Herzl was born in 1918 in Ludza, Latvia, to Zalman and Bella. His father, partner in a leather factory, had socialist views and was distant from Zionism. Herzl studied in a trade school and the Hebrew Gymnasium. At age ten, he joined Beitar due to his older brother David, who became Beitar representative in Latvia. Herzl threw his fate in with the nationalist movement and the struggle for a Jewish state. At fifteen, he was already an instructor. In 1937, he became the commander of the Beitar “Mizrah” cell in Riga.
He underwent training before aliyah, and he set up, with a group of commanders, an underground cell for training with firearms. In 1939, he made aliyah on the Naomi Julia. The ship was seized by the British, and Herzl (Herzke, as everyone called him) was arrested. When he was released, he joined the Beitar company in Nes Ziona, and he soon became its commander. In 1940, he moved to the Nahalat Yitzhak company, near Jerusalem, and from there he joined the IZL. When it split, he followed Yair. He moved to Rehovot, where he was arrested on 17.3.1941. He was detained first in Mizra, then in Latrun.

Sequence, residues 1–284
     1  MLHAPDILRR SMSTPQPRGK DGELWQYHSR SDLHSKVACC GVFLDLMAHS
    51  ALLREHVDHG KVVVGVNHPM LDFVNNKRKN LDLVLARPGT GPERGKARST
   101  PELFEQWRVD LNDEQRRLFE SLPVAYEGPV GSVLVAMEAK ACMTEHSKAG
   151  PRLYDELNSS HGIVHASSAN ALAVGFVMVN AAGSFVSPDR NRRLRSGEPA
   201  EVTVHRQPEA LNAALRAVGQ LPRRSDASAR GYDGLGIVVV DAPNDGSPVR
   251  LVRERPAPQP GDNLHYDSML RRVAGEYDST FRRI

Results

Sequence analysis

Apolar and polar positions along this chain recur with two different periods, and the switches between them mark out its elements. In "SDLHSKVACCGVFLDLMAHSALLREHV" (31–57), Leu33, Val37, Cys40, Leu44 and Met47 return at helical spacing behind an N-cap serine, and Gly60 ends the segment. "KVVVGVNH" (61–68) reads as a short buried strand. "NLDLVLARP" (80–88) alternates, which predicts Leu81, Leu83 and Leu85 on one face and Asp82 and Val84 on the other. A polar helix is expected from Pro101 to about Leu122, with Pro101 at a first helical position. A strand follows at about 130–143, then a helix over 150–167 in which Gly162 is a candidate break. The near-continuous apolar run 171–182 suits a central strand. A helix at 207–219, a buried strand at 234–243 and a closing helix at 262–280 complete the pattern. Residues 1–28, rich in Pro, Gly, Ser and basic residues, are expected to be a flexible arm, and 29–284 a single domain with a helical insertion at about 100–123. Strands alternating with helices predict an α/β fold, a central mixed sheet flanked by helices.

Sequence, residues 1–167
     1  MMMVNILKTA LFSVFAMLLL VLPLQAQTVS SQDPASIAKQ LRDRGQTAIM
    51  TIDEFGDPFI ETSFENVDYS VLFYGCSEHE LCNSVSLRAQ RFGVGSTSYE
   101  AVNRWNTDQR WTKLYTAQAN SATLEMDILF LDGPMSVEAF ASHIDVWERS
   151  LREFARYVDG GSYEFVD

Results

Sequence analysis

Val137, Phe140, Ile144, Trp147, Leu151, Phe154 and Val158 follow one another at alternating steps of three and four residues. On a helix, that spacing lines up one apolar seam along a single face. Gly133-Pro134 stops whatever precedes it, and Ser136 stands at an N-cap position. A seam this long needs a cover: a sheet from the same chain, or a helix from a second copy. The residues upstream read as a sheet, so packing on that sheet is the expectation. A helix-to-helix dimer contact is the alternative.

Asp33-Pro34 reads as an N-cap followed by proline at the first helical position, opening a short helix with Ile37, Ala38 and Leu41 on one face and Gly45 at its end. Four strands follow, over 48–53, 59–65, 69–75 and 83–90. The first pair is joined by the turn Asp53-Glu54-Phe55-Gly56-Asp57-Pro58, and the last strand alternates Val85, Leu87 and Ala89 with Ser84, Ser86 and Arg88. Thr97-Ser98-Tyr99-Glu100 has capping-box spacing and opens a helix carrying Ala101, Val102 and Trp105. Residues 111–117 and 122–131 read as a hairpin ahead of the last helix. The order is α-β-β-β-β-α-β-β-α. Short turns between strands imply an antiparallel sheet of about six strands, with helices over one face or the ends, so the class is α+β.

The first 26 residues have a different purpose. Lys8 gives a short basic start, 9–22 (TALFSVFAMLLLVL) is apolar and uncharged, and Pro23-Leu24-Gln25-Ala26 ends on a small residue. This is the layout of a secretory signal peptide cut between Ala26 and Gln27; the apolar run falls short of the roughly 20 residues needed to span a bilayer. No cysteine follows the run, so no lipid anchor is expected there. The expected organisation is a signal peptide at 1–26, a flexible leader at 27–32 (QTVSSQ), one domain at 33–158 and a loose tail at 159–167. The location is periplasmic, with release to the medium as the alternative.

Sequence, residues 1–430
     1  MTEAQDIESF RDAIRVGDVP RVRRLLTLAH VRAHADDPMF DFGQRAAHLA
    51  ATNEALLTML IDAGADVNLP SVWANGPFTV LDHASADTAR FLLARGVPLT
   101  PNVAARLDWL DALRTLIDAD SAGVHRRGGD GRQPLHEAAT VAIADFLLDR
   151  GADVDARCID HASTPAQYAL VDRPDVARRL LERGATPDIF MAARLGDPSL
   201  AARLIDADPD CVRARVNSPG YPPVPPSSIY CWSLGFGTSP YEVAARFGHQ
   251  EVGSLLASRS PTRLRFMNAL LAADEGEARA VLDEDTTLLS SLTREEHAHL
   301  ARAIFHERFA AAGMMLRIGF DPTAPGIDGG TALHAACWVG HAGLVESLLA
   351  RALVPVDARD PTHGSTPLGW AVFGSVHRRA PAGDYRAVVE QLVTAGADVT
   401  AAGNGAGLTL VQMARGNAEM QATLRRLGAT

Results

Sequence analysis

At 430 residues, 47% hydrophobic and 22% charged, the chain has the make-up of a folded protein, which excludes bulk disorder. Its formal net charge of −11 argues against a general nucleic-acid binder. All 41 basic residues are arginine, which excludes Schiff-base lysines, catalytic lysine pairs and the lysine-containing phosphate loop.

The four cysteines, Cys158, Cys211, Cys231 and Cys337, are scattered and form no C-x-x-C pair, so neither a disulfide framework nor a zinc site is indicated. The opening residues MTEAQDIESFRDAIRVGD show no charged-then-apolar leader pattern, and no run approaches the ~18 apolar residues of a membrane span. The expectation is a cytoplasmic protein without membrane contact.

Herzl was in charge of the shed from which a tunnel was dug, allowing him and nineteen of his comrades to escape on 1.11.1943. He dedicated himself to underground activity, went out to Haifa, the Lower Galilee and the Valley, in order to organize and expand the ranks of Lehi.
When he returned to Tel Aviv, he dealt with communications with supporters and youth and public relations. In 1945, he was sent abroad, to Italy, and he planned anti-British attacks. In 1946, he moved to France and started planning activities, until he was arrested by the French. Once he was released, he returned to Italy and focused on acquiring weapons. With the establishment of the State, he returned to Israel and enlisted in Battalion 89 of the 8th Brigade, Blond Dov’s company. He participated in all of the battalion’s battles, from Operation Danny to Operation Ayin and the expulsion of the Egyptians in 1949. He was one of the founders of the Fighters’ List. He also helped establish Kibbutz Neve Yair.
In 1950, Herzl married Dinah Gershon, from Bulgaria. After the war, he worked for Rassco and Sico, in construction. In 1956, he was recruited by the security services and served until 1972 in France or South Africa. Eventually he was sent to the Soviet Union. After he completed his service, he worked in construction and at the Ministry of Absorption, organizing seminars for those who had recently made aliyah. He had boundless humanity, passion and dedication to the idea of the Jewish state. He was a tireless fighter.
Herzke died on 1.7.1986. He was buried in the Lehi section in Holon. He left a wife and three sons.